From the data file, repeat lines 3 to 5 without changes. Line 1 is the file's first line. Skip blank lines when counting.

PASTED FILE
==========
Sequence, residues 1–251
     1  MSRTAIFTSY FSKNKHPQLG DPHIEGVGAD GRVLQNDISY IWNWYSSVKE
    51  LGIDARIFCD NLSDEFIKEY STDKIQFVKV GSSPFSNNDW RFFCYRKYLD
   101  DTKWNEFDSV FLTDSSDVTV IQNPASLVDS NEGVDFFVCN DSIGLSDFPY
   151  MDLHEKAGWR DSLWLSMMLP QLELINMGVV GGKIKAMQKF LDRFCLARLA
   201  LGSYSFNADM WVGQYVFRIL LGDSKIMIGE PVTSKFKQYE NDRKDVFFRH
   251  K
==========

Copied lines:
    51  LGIDARIFCD NLSDEFIKEY STDKIQFVKV GSSPFSNNDW RFFCYRKYLD
   101  DTKWNEFDSV FLTDSSDVTV IQNPASLVDS NEGVDFFVCN DSIGLSDFPY
   151  MDLHEKAGWR DSLWLSMMLP QLELINMGVV GGKIKAMQKF LDRFCLARLA